The Watchdog programme Starling appeared on in April featured two customers and their declined CI claims. One, in particular, caused heated debate in the industry. The case involved policyholder Jan Lillywhite, whose claim was declined after it was found the disease she was claiming for was not recognised as a critical illness at the time she took out the policy – despite it now being covered by the provider. This sparked a debate about whether positive changes to CI should be applied retrospectively. Commenting on the debacle, Starling points out that the ABI "can't tell its members what to do" but adds "the industry has to do something to address this".
"We can't avoid taking another real look at this. The ABI doesn't tend to urge companies to move in a certain direction but, by and large, my experience with the general insurance industry and the health and protection sectors is that they are good at reacting to the market." So as the market develops, will companies have to move in this direction? "They can't avoid it," he argues.
Another debate that has been grabbing the personal finance headlines in recent weeks is whether both fees and commission should have a place in the market, with some experts going as far as saying offering fees only when selling protection could be discriminatory due to the underwriting complexities connected to such policy.
Starling refuses to be drawn on the current debacle, but hints that he believes consumers are clever enough to know what to go for. "By and large people are grown ups and they can look after themselves. They're not going to worry about fees or commission as long as they are roughly the same amount," he says. Starling adds that excluding one or the other could potentially be bad for the market, saying: "What you don't want to end up with is a situation where you impose constraints".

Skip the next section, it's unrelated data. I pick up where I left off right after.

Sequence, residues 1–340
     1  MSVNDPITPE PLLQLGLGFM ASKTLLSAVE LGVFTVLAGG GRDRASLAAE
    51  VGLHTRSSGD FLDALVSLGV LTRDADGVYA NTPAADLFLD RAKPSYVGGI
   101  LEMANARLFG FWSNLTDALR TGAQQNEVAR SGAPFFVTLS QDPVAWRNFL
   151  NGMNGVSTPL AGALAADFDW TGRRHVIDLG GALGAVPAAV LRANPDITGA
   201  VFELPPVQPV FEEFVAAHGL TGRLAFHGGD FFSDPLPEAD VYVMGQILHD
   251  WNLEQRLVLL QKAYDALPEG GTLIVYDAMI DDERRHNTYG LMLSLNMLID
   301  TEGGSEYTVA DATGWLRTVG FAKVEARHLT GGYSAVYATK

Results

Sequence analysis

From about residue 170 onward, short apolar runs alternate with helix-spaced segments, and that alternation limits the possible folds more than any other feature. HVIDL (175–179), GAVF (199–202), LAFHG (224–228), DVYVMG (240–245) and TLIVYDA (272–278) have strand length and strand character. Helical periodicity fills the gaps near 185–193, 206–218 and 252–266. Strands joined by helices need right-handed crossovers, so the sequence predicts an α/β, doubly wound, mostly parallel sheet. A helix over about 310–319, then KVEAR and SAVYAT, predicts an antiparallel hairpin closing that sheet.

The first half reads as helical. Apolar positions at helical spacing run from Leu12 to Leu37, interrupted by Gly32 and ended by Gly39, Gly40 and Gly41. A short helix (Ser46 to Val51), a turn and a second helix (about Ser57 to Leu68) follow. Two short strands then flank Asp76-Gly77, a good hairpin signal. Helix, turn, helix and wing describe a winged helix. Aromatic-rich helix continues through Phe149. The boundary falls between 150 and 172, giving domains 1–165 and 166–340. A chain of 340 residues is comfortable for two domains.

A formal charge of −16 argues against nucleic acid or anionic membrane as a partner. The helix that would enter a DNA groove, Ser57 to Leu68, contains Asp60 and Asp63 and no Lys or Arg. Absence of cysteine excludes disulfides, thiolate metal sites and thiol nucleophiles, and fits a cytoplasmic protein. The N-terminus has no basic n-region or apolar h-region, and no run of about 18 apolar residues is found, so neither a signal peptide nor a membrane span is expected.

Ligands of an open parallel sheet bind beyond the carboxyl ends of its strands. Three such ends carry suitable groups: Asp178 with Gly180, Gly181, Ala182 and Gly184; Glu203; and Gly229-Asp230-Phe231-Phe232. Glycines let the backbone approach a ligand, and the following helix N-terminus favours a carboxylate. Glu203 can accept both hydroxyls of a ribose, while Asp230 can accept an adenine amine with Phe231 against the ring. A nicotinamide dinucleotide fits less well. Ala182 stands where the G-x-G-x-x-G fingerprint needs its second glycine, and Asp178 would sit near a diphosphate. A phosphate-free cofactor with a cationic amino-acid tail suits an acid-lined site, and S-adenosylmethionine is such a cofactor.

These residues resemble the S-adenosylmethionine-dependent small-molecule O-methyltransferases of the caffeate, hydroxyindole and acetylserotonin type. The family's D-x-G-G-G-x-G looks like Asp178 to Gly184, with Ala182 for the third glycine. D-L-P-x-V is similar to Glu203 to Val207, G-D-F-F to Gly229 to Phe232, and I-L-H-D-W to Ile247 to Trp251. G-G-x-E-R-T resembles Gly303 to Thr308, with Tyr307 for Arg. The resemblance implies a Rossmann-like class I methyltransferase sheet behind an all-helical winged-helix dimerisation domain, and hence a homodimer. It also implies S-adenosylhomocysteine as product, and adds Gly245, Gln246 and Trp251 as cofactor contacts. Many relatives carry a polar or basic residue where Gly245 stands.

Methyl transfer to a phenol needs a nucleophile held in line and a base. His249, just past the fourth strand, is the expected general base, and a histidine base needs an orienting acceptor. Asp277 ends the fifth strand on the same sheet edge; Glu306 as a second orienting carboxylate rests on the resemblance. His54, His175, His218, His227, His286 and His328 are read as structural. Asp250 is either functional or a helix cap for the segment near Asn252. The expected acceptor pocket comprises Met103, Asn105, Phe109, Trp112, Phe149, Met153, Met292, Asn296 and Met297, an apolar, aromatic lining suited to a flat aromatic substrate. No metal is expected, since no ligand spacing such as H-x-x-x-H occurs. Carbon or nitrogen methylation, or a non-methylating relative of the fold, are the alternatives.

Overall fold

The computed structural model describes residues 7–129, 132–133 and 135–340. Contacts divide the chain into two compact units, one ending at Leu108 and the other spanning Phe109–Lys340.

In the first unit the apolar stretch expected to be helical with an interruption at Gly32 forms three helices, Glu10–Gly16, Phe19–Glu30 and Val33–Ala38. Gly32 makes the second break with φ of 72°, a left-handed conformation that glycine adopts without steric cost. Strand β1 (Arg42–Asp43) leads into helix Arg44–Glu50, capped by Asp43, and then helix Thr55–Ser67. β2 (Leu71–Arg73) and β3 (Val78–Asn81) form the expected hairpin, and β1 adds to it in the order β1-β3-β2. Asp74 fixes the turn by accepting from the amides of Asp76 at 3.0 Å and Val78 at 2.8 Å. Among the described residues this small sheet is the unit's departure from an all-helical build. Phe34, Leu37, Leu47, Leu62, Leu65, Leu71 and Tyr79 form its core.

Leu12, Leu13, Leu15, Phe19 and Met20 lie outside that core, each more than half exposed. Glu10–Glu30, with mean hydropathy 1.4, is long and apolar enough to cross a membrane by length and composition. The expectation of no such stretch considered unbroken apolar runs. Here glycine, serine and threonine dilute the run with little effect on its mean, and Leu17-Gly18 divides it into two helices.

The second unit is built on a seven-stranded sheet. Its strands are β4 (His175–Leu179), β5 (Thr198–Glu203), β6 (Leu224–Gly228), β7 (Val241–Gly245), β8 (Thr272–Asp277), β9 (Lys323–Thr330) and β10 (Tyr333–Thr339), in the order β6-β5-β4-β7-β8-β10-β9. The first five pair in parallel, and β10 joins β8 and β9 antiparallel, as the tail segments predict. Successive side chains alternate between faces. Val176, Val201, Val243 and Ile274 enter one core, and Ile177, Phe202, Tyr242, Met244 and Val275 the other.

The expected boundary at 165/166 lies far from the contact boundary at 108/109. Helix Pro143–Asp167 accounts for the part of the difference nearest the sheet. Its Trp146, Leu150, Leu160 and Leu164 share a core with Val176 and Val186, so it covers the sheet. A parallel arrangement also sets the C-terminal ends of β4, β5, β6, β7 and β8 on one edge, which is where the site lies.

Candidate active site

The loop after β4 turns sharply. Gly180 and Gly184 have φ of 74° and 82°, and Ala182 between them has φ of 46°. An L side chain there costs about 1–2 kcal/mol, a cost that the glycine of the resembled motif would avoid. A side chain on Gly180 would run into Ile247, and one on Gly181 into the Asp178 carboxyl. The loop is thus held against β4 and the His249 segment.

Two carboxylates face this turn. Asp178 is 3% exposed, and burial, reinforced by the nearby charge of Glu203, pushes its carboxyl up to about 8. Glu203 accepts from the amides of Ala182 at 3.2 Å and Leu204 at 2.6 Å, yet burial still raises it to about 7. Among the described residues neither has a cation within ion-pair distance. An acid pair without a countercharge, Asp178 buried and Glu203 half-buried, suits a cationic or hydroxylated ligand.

Apart from the ABI's new Statement of Best Practice for CI, the other thing that will bring huge opportunities this year is the change within the Government, Starling says. "At the moment, the Government is sitting down and doing its sums and whatever happens there will be cutbacks in public spending, which will present huge opportunities for the industry, but it's a huge challenge for us to make the Government realise that the industry could play a role in covering this protection gap."
But how much influence does the ABI have over the Government? "The ABI is often perceived as the Rolls Royce of the insurance sector so it is highly regarded. All the members are in it together, covering 94% of the insurance industry premium income so the Government knows that when the ABI speaks it speaks with the authority of the industry behind it," Starling says.
Looking ahead, promoting private medical insurance and protection is at the core of the ABI's plans as well as taking a closer look at the Law Commission's proposals. Starling is slightly dubious about the latter, hinting that introducing a non-contestability clause is like putting a plaster on top of the wound. "The key thing is making sure there is proper disclosure at the time of application and that is the real thing we are working on. If you have a non-contestability period it's simply an invitation to people not to disclose," he argues.
With so much going on, it must be difficult for Starling to keep his feet firmly on the ground, but he simply replies that that will never be too difficult when having two teenage daughters. "When there was the tornado in North London, my youngest daughter texted me and said 'dad I hear there's been a hurricane in North London' and I sent one back and said 'it's not a hurricane, it's a tornado but you can watch me on News 24 at 5.40pm'. She then texted me back and said that is the same time as Neighbours. That kind of puts you in your place," he muses.